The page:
UNITED STATES—My parents and sister showed up on my doorstep in Los Angeles to tell me Mick, my cousin had died.  I didn’t even know he was sick. No funeral, they told me; the preacher at the gravesite made mention of how young he was— the Savior’s age, 33.

A lot of things have gone my way, but Mick’s going wasn’t one of them. That wasn’t supposed to happen. But there was a mercy for me in not knowing about his illness (euphemistically described as short one in his orbit).

In spring 1990, a couple months before his death, my parents were driving near Taft, on their way to or from somewhere, and they decided to drop in. Till now my aunt had masked over his health issues. By the time my parents dropped in, Mickey was in the back bedroom and he was so skinny that his skull was already showing through. My dad, who almost became a doctor, said one look told him my cousin wasn’t long for this world. It must be horrible to be there nearly bed bound and take in the horrified looks of visitors who aren’t very good actors, but they’re trying to plaster a smile over the shock, which I saw re-reflected in Dad’s eyes in Los Angeles at the doorstep, and I knew he had seen something he had never wanted to see.

Mickey belonged to a generation that had to leave the small town and go to the city. In his case, Los Angeles.  Most of his adult life he spent in Los Angeles—downtown as a college student, Barham Boulevard as a young man, and later West Hollywood. In the end he lived on Kings Road, in a very nice apartment with his partner. I didn’t see much of him as I lived on the other side of the tracks, by 23rd and Figueroa, immersed in my screenplay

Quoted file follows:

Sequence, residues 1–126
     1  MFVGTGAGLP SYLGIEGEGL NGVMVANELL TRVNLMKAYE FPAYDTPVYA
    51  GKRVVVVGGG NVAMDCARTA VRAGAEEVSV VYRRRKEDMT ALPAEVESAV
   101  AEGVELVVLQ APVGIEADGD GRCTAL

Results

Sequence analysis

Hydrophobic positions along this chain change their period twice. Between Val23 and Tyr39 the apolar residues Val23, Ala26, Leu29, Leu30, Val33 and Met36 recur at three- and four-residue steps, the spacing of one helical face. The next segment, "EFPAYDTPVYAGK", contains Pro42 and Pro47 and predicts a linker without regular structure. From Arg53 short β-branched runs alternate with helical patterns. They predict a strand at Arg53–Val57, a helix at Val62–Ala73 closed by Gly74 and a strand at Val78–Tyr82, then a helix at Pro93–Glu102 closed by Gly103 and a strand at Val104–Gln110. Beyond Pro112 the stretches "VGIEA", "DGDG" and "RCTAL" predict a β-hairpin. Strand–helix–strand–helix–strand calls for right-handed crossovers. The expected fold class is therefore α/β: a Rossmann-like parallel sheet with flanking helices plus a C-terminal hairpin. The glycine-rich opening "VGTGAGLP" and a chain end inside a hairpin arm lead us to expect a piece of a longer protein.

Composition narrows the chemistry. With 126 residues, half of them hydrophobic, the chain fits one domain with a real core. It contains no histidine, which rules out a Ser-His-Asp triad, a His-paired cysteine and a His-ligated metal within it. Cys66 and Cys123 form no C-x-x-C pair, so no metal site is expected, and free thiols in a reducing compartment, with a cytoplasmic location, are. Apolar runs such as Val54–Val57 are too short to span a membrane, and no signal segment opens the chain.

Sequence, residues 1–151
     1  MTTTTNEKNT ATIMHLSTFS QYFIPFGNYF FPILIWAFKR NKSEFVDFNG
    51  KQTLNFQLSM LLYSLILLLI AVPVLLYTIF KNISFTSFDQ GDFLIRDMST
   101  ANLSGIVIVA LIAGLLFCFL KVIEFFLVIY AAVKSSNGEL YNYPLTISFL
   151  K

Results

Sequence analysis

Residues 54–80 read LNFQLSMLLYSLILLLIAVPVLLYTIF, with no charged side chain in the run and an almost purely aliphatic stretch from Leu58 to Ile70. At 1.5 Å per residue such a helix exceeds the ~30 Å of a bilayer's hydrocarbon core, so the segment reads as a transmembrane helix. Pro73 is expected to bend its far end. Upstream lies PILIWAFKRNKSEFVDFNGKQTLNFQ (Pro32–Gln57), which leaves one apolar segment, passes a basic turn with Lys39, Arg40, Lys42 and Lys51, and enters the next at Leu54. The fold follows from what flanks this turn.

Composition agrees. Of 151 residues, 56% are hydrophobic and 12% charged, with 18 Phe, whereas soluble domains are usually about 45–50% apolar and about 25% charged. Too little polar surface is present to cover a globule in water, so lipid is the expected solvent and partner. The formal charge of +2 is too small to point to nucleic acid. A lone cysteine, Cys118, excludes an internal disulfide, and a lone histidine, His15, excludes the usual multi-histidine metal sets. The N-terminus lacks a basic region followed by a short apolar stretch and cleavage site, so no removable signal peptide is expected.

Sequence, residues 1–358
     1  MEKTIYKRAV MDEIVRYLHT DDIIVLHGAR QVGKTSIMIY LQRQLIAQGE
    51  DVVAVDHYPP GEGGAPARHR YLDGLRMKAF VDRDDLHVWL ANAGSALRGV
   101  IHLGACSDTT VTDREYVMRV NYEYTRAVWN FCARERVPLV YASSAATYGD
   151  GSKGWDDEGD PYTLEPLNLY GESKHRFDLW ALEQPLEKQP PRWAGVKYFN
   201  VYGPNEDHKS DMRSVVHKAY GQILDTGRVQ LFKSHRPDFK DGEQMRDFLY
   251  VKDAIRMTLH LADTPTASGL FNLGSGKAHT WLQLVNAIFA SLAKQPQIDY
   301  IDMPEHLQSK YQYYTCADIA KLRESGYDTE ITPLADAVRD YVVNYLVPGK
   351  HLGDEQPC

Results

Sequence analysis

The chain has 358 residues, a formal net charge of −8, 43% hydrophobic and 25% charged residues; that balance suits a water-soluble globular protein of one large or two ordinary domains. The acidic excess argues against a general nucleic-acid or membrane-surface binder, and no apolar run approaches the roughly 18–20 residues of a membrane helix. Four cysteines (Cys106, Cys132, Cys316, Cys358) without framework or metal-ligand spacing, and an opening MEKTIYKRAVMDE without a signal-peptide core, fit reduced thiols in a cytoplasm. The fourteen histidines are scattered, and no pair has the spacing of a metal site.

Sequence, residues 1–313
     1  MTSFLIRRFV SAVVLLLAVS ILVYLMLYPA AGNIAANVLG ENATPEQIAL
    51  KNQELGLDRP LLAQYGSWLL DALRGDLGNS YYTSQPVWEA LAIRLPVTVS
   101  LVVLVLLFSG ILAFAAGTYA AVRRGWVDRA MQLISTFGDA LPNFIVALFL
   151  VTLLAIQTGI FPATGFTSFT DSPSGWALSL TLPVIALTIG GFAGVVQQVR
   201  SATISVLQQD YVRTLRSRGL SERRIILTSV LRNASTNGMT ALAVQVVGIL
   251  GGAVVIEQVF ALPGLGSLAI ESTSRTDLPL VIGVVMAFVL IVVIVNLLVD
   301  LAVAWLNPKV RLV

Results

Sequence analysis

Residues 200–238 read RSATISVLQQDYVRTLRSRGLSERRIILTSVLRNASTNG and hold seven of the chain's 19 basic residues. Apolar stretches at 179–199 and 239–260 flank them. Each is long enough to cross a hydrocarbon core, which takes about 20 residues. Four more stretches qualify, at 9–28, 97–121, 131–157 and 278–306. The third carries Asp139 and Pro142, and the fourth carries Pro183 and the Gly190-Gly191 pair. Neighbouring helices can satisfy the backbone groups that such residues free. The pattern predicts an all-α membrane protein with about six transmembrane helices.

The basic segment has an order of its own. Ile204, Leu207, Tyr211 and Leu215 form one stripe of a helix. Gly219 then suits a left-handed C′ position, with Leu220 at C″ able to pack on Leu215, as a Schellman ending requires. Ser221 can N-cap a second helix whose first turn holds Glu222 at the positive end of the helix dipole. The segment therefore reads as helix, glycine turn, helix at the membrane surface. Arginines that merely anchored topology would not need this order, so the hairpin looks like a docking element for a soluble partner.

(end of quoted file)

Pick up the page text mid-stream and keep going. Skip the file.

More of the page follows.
My parents and sister gave me the story: Mick returned home the Thanksgiving before. He made one last brave trip back over the grapevine, his legs barely strong enough to handle brakes and gas, and practically collapsed upon arrival at his parents’. He’d sold everything he had, all his antique furniture, his player grand piano.

After he died they burned his mattress and all the bed clothes. Nobody really knew fully about AIDS, even by 1990, and you can imagine how spooked the medical professionals were in an isolated oiltown like Taft.

Of course Mickey was gay. Though he didn’t speak of it, even to me. I was a kind of provocateur, wanting to press him, when he wasn’t wanting to be pressed, or maybe he was ultimately aware of the kind of influence he could have had over me. He had nothing to be ashamed of. He was handsome and I’m sure he got plenty of attention. I do know he wanted more things in life, had dreams and plans, then left they earth before they could be realized. He was fun to talk to and I can credit him, six years older than I, for filling my head early with the arcane and sophisticated vocabulary related to the antiques that became his career, peppered by some 70s ghetto slang. My epitaph for him: To die for love or sex is better than dying for war.

When Mick was gone there would be no one in my family around to share things and experience an almost a sibling one upsmanship. (I always imagined we’d go to Chasen’s the day a literary journal accepted my first story.) A grand generosity marked him. I still have many of the cool gifts he gave me—an antique Carter ink bottle from an old schoolhouse, a wind-up phonograph from my grandparents’ honeymoon, a bronze vessel from the Mideast that appears to be a biblical antiquity. I have it now in L.A. after finding it at my parents’ house. I always valued it as it was, and then my mom tried to spoil my innocence saying that Mick had been snickering behind my back about the vessel being a urinal for a caravan. I love truth. Maybe it was Mick’s joke from beyond the grave, and instead of diminishing its value, I treasure this gift all the more.

He lived a lot in his 33 years, and gave a lot. The greatest gift Mickey gave me has been the rest of my life in a way I could never have conceived. A big, unimaginable chunk of life that neither of us could have imagined.

Grady Miller is a humorist. He lives in Hollywood.